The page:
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Proper gang-stars

PUBLISHED: 14:28 10 April 2008 | UPDATED: 17:21 16 August 2010

GANGSTER’S PARADISE: Bugsy Malone at Woodville Halls was a success.

GANGSTER’S PARADISE: Bugsy Malone at Woodville Halls was a success.

SOUND problems marred an otherwise enjoyable production of Bugsy Malone at Gravesend s Woodville Halls. Alan Parker s wittily

SOUND problems marred an otherwise enjoyable production of Bugsy Malone at Gravesend's Woodville Halls.

Alan Parker's wittily anarchic 1976 film, with toe-tapping music by Paul Williams, has been adapted for the stage with few concessions to conventional staging requirements.

There are thus many short scenes which can make it hard to build up any sense of pace - essential for a musical of this sort.

Performed by the Gravesend & District Theatre Guild, under the direction of Sandra Edmonds and Kay Carroll, Bugsy Malone sported fine performances and some exquisite dance sequences choreographed by Hayley Lampkin.

The young cast were uniformly excellent. Alex Walker, as the title character, seemed very comfortable on stage, although the speed of his vocal delivery was occasionally a little rushed.

John Siggers as the Al Capone-style Fat Sam was all swagger and mock bravado, with Jay Russell, Daniel Waller, Karl West and Alexander Willson as his likeably dopey henchmen.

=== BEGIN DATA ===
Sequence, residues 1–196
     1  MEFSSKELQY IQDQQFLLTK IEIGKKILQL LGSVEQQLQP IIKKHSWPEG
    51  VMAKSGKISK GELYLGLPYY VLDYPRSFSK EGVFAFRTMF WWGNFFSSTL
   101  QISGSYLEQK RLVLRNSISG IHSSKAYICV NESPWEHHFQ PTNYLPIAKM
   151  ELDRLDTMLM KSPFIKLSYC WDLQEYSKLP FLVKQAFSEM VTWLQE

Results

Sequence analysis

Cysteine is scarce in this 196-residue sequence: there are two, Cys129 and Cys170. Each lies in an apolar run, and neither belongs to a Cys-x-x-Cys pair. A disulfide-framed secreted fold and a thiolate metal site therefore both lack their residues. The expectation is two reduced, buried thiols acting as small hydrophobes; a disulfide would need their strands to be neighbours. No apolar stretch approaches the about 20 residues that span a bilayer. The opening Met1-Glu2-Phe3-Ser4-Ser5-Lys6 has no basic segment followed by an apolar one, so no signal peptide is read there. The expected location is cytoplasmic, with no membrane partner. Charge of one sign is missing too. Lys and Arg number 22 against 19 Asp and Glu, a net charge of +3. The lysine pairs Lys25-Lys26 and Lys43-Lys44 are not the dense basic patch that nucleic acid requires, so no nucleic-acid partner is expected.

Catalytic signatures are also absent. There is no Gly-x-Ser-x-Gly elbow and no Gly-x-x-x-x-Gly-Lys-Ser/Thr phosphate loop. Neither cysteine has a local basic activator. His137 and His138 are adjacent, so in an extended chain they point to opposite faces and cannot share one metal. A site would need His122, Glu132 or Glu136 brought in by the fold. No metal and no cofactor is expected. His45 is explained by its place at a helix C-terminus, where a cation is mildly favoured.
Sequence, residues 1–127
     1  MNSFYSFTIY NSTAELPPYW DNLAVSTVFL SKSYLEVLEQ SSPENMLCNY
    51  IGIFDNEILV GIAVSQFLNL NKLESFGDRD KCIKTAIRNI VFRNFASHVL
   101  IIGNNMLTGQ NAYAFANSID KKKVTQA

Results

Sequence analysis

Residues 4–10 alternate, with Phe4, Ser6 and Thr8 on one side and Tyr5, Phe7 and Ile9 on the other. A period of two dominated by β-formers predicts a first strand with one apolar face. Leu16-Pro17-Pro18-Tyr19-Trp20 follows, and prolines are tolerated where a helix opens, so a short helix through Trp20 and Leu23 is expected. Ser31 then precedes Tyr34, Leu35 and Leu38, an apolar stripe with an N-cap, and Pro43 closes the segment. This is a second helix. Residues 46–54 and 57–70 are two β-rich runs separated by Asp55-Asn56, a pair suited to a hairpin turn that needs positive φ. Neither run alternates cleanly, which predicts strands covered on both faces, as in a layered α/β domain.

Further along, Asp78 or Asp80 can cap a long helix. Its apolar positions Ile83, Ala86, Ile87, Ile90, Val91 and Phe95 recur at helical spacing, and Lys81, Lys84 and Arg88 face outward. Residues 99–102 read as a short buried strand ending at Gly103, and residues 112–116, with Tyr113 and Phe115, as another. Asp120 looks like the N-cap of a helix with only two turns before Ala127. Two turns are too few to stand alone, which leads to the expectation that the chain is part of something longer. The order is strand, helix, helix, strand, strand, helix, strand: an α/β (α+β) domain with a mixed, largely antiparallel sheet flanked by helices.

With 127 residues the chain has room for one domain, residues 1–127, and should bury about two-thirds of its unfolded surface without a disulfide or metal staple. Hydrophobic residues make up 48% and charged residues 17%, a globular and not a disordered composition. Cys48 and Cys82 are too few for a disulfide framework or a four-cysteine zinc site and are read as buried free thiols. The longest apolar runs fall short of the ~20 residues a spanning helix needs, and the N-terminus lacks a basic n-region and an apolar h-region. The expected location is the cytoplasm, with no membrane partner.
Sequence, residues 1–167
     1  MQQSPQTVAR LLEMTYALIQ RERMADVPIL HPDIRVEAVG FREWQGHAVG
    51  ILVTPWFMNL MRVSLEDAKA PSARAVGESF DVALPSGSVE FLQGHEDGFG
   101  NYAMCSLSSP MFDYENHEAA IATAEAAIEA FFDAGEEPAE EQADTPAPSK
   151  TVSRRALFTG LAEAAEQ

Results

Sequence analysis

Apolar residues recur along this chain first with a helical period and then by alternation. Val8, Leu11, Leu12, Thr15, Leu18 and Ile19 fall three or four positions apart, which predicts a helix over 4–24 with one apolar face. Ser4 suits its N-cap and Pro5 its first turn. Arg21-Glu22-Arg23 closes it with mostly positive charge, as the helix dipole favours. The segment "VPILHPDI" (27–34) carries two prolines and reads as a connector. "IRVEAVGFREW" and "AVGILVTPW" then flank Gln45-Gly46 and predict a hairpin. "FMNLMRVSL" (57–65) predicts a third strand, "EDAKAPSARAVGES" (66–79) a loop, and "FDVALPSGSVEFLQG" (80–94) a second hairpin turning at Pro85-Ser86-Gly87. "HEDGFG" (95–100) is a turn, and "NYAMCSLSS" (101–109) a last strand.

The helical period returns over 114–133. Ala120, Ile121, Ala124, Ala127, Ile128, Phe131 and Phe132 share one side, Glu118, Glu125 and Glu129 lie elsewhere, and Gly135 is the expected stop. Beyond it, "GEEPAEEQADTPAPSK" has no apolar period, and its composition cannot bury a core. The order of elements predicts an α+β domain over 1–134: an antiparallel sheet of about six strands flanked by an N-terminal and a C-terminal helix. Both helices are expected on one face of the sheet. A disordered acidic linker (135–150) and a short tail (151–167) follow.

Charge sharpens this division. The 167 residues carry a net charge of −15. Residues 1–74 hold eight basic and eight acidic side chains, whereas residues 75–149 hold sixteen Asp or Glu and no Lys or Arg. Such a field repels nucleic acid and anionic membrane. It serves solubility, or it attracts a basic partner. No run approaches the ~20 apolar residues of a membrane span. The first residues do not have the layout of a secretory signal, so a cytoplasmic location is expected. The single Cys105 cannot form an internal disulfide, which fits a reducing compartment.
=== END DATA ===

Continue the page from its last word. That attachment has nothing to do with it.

His arch-rival, Dandy Dan, was nicely played by a moustachioed Alex West, with Rachel Shoard, James Cogle, Adam Forster, Georgie Hurst and Daniel Mulholland as his mob.

Bronte Tadman was splendidly catty as Tallulah, the femme fatale of this crime noir pastiche, although sadly her big Act 2 number, My Name is Tallulah, was spoilt by the aforementioned radio mic problems.

Blousey Brown, the naïve young ingénue with whom Bugsy falls in love, was beautifully performed by a radiant Daisy Martin. The picture of innocence, she contrasted nicely with Tallulah's spoilt brat persona. As the janitor with a secret desire to be a dancer, Ben Wells was superb. His heartfelt rendition of Tomorrow, in which his character yearns for the chance to show off his performing skills, was - appropriately - a chance for Wells to do the same, which he did with relish.

Music was performed with skill and gusto by Maria Penfold's four-strong band, and the Busby Berkeley-inspired dance numbers featuring Fat Sam's Dancers were highlights of the show.

Lastly, special mention goes to whoever designed the amazing, foam-spitting 'splurge guns'. The cleaning bill after each show must have been horrendous.

Mark Campbell

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